The ISB report says the EIR/EIS “contains a wealth of information but lacks completeness and clarity in applying science to far-reaching policy decisions.” In other words, all those pages and pages and pages yet still lacks the required detail and information.
In particular, “Details about the adaptive-management process, collaborative science,” etc. That “adaptive-management” is where the whole thing hinges. The state keeps saying, “Trust us. We’ll manage the tunnels appropriately and not take more water than we should.” Yet, as we all know, that has not been the case in the past. For ten or twenty years they have extracted more water than the system could support, causing the salmon and other fish populations to crash. During the drought they moved way to much water from the North to the South and now the reservoirs in the North are at their lowest points ever, threatening community drinking water and upstream salmon hatcheries while the L.A. reservoirs are still full. With that history, no one should trust them.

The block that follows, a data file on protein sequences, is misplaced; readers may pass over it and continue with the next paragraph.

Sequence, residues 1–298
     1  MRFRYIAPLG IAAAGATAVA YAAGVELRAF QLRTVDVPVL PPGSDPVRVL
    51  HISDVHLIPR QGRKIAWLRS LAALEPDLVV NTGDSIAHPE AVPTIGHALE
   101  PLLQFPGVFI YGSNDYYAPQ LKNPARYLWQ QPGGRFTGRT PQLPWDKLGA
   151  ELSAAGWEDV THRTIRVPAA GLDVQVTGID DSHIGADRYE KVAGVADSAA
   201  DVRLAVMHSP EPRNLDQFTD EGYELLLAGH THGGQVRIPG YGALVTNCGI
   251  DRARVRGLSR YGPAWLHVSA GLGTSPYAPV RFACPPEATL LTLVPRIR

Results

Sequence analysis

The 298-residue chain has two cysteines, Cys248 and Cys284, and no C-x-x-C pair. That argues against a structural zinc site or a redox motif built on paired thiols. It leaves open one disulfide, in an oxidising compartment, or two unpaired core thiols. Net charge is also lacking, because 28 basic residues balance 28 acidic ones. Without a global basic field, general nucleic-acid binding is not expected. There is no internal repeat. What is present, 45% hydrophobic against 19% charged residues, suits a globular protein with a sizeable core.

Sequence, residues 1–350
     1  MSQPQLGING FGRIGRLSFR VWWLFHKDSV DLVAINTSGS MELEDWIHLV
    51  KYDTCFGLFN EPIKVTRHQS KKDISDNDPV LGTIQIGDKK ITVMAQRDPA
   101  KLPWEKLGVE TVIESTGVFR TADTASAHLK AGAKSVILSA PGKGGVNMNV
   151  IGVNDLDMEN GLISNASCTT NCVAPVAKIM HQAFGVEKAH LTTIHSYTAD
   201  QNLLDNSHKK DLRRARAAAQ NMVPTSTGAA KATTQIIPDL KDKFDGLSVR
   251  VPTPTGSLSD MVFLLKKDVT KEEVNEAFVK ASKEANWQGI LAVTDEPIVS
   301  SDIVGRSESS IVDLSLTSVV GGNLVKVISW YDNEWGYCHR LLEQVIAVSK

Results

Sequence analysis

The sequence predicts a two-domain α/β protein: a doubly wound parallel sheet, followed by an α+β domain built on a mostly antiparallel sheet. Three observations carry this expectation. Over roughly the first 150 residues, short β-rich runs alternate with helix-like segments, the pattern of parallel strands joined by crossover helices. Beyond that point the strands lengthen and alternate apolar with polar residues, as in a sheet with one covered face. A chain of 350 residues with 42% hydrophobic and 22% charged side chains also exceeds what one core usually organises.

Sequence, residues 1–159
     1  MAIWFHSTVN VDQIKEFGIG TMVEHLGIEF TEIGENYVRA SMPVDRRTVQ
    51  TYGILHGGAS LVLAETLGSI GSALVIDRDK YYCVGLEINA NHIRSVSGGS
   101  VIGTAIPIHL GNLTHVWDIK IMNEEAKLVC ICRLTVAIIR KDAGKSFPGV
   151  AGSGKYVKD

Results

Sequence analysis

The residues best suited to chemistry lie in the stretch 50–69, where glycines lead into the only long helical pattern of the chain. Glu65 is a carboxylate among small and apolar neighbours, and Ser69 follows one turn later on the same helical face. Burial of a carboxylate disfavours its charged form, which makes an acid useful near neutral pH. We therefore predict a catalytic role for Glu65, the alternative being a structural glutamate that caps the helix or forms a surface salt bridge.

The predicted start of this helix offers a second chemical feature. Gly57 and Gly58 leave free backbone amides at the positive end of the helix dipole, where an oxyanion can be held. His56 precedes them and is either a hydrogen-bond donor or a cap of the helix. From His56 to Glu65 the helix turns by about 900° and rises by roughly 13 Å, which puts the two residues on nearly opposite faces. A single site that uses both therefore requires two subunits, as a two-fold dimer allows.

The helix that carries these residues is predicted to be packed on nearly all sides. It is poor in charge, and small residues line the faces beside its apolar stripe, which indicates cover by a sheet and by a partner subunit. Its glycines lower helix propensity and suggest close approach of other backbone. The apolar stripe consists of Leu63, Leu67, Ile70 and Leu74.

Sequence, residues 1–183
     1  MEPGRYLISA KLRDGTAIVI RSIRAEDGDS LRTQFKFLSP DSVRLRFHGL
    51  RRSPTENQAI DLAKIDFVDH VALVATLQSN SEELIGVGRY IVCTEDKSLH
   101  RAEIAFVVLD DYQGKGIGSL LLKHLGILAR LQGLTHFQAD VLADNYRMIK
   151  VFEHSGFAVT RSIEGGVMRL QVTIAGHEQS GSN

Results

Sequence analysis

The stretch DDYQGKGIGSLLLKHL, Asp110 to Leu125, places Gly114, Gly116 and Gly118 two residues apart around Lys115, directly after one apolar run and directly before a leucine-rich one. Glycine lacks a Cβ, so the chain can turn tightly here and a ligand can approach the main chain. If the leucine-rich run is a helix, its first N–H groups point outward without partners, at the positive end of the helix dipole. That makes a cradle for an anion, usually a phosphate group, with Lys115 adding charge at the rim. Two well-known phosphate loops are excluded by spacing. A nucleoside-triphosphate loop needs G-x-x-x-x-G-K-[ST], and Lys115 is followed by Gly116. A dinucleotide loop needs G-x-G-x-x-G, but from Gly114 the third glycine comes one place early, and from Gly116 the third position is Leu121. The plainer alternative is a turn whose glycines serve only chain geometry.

The report lists failure to demonstrate “Due regard for several aspects of habitat restoration … and the strategy of avoiding damage to existing wetlands,” and insufficient analysis including the “effects of the proposed project on San Joaquin Valley agriculture.”
Plus, importantly, no comparison of the proposed alternatives.
The summary concludes with, “These interdependent issues of statewide importance warrant an environmental impact assessment that is more complete, comprehensive, and comprehensible than the Current Draft.”